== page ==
Three days after being stung by the UST Growling Tigers, the UP Fighting Maroons faces another challenge — a more daunting one this time as they square up against the current top team in the league, the FEU Tamaraws.

FEU grabbed the solo spot at the summit of the team standings after carving a victory over erstwhile co-leaders La Salle Green Archers. Mike Tolomia steered the Tamaraws to the top as he exploded in the second half, scoring 19 of his team-high 22 points in that juncture.

In their first round encounter, UP delivered the goods early on and kept at bay for the first two quarters. However due to coach Rey Madrid’s head-scratching player selections (he started the untested rookie point guard Jarrell Lim in the second half, remember?) and FEU’s blistering second half display, the Fighting Maroons suffered a 71-85 setback.

Keys to the Game


UP and FEU are the two worst rebounders of their own misses this season, sporting offensive rebounding rates of 25.8% and 29.6% respectively. However, they are miles apart in picking up the defensive boards. FEU clobbers 71% of their opponents’ misses this season, which is second best in the league, next to NU. On the other hand, UP has a league-worst 59.3% defensive rebounding rate. For UP to stand a chance of stealing this one, they should come up with better efforts in rebounding the misses on both ends of the court.


Mac Belo (Czeasar Dancel, NPPA Images)


When Mac Belo entered as a substitute in their first round match, the complexion of the game totally changed and favored FEU instantly. Attest to that is his whopping net efficiency of +34.5 points per 100 possessions in just a shade above 21 minutes of playing time. Add to that, he put up his best rebounding performance of the season (with a Mammie-esque rebounding splits of 25/21/23). Having said that, Belo should be the number one defensive priority for UP, and Tolomia is 1A. The question now is which among the Fighting Maroons will have the unenviable task of guarding this very skilled and polished forward? While he did struggle a bit against La Salle in their last outing, I don’t see him performing any poorer than that against UP’s defense (or the lack of).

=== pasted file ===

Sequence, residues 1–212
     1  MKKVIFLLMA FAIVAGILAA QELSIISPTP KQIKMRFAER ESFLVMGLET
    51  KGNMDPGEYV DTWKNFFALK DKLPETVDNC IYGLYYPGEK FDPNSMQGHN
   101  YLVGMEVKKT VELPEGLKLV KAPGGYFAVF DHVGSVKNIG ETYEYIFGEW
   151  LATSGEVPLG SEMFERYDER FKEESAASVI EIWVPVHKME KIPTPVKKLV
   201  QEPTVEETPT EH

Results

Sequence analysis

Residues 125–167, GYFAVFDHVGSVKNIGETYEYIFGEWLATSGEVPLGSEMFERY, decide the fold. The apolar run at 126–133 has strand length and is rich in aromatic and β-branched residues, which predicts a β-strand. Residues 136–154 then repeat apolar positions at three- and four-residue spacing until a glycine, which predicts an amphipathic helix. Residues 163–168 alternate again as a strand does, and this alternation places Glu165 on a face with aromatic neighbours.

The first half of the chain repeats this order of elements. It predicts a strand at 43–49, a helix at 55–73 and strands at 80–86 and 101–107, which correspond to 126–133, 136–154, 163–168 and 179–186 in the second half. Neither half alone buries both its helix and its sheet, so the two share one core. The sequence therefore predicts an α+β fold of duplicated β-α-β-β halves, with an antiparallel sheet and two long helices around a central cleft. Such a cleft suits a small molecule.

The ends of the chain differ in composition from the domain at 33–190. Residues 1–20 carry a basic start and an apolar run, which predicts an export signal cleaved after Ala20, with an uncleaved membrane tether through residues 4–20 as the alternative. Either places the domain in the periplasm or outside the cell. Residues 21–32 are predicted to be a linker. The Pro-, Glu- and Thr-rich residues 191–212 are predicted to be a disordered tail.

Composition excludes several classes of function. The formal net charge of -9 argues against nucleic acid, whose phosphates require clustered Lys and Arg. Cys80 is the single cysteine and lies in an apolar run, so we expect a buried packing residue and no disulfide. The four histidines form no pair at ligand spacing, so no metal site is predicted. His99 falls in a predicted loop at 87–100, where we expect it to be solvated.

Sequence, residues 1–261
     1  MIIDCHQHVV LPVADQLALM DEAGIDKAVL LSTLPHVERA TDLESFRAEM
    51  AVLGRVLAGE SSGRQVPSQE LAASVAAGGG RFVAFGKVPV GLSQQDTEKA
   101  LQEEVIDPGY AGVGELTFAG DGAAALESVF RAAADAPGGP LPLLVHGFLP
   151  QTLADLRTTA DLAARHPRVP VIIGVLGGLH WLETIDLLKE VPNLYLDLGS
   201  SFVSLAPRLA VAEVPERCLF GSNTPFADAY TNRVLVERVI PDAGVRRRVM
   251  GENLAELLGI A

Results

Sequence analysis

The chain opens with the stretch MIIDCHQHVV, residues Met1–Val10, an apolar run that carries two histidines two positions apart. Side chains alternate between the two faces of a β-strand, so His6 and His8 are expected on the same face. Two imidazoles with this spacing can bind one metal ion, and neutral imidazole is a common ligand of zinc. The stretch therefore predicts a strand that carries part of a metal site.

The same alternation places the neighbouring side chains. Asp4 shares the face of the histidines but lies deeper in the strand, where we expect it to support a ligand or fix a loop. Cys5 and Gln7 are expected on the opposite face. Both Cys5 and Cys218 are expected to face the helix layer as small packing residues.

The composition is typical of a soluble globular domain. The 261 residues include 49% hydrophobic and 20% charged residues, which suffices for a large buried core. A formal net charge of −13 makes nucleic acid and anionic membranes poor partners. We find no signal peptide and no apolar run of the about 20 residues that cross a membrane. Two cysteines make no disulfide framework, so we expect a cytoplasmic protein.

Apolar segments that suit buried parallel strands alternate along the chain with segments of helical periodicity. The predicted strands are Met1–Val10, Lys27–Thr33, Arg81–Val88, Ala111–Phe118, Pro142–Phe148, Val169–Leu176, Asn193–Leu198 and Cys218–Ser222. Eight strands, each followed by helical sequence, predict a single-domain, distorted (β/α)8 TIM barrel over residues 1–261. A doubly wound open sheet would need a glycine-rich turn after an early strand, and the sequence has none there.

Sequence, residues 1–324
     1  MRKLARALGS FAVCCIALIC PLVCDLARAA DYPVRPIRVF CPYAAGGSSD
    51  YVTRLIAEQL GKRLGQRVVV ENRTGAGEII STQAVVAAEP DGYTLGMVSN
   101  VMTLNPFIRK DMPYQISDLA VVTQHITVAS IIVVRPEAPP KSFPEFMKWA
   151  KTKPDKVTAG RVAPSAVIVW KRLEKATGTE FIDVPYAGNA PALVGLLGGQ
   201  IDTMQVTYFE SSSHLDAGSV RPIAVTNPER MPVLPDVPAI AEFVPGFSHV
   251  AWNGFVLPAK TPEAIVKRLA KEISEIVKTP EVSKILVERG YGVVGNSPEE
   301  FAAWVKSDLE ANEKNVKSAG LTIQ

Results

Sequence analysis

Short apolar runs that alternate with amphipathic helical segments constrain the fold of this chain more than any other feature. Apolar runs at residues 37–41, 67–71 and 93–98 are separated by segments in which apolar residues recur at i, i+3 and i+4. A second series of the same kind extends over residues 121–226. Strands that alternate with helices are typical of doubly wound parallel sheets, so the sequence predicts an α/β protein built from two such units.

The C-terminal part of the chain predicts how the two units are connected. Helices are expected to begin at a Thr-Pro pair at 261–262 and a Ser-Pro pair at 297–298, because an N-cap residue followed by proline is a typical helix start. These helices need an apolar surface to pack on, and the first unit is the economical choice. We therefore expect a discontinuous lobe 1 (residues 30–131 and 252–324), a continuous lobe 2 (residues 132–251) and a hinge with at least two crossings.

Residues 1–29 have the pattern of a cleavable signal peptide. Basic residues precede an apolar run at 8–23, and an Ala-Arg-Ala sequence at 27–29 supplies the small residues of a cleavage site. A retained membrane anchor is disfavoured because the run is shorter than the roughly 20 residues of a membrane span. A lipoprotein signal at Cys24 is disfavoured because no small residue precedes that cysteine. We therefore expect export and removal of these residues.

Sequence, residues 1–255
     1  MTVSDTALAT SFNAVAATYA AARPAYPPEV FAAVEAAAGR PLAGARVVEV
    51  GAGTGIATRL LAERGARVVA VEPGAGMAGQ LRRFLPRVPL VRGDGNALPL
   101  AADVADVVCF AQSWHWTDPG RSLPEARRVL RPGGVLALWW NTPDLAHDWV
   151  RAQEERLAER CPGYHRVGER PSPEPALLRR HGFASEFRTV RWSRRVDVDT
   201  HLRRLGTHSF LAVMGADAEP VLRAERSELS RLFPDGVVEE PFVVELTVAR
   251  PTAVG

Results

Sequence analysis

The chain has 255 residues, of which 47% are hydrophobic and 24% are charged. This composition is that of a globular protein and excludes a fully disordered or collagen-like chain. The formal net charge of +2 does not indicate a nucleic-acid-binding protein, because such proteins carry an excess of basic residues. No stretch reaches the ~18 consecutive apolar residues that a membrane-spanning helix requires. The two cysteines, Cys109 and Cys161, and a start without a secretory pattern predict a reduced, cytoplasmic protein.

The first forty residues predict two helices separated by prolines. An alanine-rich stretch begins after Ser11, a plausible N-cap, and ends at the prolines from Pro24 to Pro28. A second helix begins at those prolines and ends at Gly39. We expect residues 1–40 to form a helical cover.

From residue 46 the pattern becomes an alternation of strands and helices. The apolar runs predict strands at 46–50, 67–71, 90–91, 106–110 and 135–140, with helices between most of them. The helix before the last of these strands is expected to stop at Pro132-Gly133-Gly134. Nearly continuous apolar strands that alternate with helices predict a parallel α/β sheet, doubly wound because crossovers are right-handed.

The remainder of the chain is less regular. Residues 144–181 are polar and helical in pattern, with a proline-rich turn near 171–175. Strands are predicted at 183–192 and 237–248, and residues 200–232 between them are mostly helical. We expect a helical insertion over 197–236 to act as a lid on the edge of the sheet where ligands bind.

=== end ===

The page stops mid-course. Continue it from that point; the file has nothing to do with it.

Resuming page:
When Mikee Reyes is good, he is extremely good and beneficial to UP’s cause. But when he plays bad, he becomes somewhat detrimental to the team. That’s how significant Mikee is to the team  Given his struggles in the last two games where he had a dismal true shooting percentage of 40% while using an enormous 38.9% of UP’s possessions, maybe coach Madrid should utilize him less this time and give the talented but not-that-wild point guards like Henry Asilum and Diego Dario more minutes to man the point.


It seems a victory is nowhere in sight for UP in this game. FEU, having a legitimate MVP contender playing as a sixth man, could be too much for the Fighting Maroons. Add to that, Tolomia is another complex puzzle for UP to solve. I would not be surprised should the story of  this game would be similar to that of their first round match.

Featured image courtesy of Voltaire Domingo,NPPA IMAGES/ Yahoo PH Sports